How perverted is our financial system?

FinancialSep 16 ’22 06:33Author: Mark van Harreveld

A Zuidaser moves undisturbed with millions from his Russian employer and makes a fortune from it, a welfare mother is cut from benefits because her mother brings her a bag of groceries every week. ‘Then you have lost your way as a country’, says consultant Simon Lelieveldt. ‘Unfairness is inherent in the design of our financial system’, says Arnoud Boot, professor of financial markets at UvA.

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In the podcast Het Nieuwe Geld, podcast creator Reinjan Prakke goes in search of the flaws in our financial system. And there are quite a few. Furthermore, errors are sometimes amplified by a perverse feedback loop. Illustrative of this dysfunction is financing through loan capital. A piece of cake for those who already have money, for those who don’t have pure fiction.

ATM in the center of Amsterdam
ATM in the center of Amsterdam (ANP / Ton Toemen )

Inherent injustice

‘If you’re rich, it’s easier to get a loan, after all, you have security. This basically promotes wealth inequality. You make money with money. The moment you get a financial system that has an interest in volume, for example in the mortgage market, it reinforces the wealth gap. Inherent unfairness is built into the design of our financial system,’ says Arnoud Boot, professor of financial markets at the University of Amsterdam.

Boot points out that while we have a progressive tax system as a corrective mechanism to smooth out these injustices, it also rewards borrowing money and capital gains (through increased investment or house prices) with large tax benefits. ‘Indebtedness is subsidized.’

Perverse incentive

And what is the perverse incentive in the feedback loop? Home ownership was encouraged, taking on debt to buy a home as well. The result is the dominant paradigm that it is healthy to borrow money to buy a home that also serves as security for the loan in question. According to Boot, this led not only to an enormous growth of the financial system, but also to increasing anonymization. “Security became more important than the investment in the relationship with the customer. The system became anonymous, and the resale of loans became popular’.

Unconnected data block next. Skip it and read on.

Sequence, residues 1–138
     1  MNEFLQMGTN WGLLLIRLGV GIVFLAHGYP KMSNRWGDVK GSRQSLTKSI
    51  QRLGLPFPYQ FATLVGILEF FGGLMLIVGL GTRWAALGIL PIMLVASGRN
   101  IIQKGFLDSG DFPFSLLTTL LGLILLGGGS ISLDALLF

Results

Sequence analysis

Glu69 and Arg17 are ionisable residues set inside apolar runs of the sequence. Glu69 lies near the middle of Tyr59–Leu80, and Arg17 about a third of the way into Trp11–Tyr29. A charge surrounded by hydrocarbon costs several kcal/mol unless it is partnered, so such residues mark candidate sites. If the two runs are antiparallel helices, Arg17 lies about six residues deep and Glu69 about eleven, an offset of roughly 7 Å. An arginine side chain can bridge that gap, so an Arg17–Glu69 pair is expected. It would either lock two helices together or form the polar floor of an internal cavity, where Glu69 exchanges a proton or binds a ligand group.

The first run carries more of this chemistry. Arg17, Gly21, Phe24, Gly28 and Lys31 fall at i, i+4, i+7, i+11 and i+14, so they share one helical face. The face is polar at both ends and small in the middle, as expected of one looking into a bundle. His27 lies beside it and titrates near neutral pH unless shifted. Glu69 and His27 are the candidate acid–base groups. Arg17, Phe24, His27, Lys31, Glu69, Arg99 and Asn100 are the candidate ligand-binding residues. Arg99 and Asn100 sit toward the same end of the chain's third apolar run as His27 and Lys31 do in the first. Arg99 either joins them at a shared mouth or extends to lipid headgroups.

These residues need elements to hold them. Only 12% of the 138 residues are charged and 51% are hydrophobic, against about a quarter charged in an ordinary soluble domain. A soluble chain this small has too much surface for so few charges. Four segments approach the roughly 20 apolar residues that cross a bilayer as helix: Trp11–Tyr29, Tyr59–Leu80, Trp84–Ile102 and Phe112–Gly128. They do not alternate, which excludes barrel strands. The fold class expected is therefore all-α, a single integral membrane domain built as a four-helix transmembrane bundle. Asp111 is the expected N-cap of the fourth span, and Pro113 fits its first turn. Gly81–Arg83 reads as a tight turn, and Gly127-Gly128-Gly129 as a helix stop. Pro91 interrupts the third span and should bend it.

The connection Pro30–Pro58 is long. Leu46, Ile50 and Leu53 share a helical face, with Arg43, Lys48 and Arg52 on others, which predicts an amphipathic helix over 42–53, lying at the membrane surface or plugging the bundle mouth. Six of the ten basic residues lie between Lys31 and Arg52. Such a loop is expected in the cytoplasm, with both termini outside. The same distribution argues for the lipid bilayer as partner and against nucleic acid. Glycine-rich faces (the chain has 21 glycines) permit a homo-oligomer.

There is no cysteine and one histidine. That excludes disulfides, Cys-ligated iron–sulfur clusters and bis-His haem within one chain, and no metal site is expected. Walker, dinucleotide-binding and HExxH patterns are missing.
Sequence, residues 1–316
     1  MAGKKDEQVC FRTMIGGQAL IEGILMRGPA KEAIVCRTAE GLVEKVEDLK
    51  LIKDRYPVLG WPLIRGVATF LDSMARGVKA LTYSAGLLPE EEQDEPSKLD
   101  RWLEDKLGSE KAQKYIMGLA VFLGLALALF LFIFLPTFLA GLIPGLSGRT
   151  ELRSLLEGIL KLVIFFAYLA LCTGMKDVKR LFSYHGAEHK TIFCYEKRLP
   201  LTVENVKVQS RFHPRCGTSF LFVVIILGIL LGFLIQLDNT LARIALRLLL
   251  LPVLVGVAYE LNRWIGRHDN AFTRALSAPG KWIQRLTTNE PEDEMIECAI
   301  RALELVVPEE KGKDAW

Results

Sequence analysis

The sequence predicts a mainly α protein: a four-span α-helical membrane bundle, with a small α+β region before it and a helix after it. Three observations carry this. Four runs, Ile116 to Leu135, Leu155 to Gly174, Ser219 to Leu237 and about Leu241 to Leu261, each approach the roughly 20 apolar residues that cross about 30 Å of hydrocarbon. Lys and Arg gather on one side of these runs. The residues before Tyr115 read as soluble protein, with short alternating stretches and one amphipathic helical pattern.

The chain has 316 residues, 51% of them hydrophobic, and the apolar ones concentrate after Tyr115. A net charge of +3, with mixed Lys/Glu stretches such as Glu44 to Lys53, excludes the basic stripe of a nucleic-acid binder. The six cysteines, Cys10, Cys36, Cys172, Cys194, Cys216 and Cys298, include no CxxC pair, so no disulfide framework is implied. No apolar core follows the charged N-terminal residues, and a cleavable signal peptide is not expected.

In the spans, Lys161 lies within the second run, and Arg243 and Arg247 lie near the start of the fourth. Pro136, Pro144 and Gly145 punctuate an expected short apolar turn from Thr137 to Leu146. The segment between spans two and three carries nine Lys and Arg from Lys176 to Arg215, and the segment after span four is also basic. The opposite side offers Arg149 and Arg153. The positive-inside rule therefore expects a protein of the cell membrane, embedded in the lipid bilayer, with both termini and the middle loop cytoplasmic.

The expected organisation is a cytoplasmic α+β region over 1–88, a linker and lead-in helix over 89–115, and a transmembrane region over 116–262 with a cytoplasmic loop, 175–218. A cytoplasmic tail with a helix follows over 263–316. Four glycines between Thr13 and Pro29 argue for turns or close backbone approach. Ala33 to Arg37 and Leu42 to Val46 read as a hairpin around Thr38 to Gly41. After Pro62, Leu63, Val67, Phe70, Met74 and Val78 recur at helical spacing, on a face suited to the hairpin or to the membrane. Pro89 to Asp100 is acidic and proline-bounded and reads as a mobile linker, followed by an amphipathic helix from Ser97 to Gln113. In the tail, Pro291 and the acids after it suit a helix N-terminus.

But why sell a loan on? Because it’s big business; a third of all mortgages are sold on to others. The commonly used technique for this is securitization, where the bank borrows money to make new loans to others. The difference between the relatively low rate that banks pay their lenders and the higher rate they charge the mortgagee, that is the revenue model. “It’s a self-financing loan,” says Boot.

The fact that it is ‘good’ or ‘normal’ to incur debt also has direct consequences for the relationship between debt and equity – both for individuals and companies. For example, how much debt a company can attract has everything to do with the predictability of income. A utility company in quiet rules of the game can be financed up to 80 percent with external capital.

But it could be worse. ‘In a bank you are happy if there is 5 per cent equity on the balance sheet,’ says Professor Boot. “A bank consists of 95 percent of the loan capital. It is not healthy. And if it’s practice, then there can’t be much risk on the asset side.” And Boot hits the nail on the head: Banks are neither enterprising nor innovative. And therefore not future-proofed.

Physical disability

‘You can’t really do business as a bank. Worryingly, they still see themselves as an extension of the government. You know that if things go wrong, the government will come and help you. Then you can get away with just 2 percent equity.’ And then the banking industry has hedged, floating on debt. According to Boot, banks should ask themselves how relevant they will still be in 5 or 10 years. Consider that new players will come with alternatives, that they are not indispensable, and that the government will not save their skin next time.

In case of disability

‘Some of them engage in backroom actions, the regulator and society don’t trust you; you are with people who belong to yesterday’s world; you see new, flexible competition; information technology makes everything possible; you no longer need a bank for money transactions and mortgages; banks have a cumbersome cost structure which is not suitable for the future’.

A lot of debt, little equity and little leeway: In short, the bank is trapped in its own jacket from yesterday.

In this episode of Het Nieuwe Geld, podcaster Reinjan Prakke discusses the flaws in our financial system with:

Simon Lelieveldt: consultant in the financial sector. Simon has previously worked at De Nederlandse Bank and the Dutch Banking Association and in his spare time gives tours of Amsterdam for his Financial Heritage Foundation.

Peter Kuijpers: Expertise Lead Securitization at ING Holland

Arnaud Boot: Professor of Financial Markets at UvA and is involved in WRR

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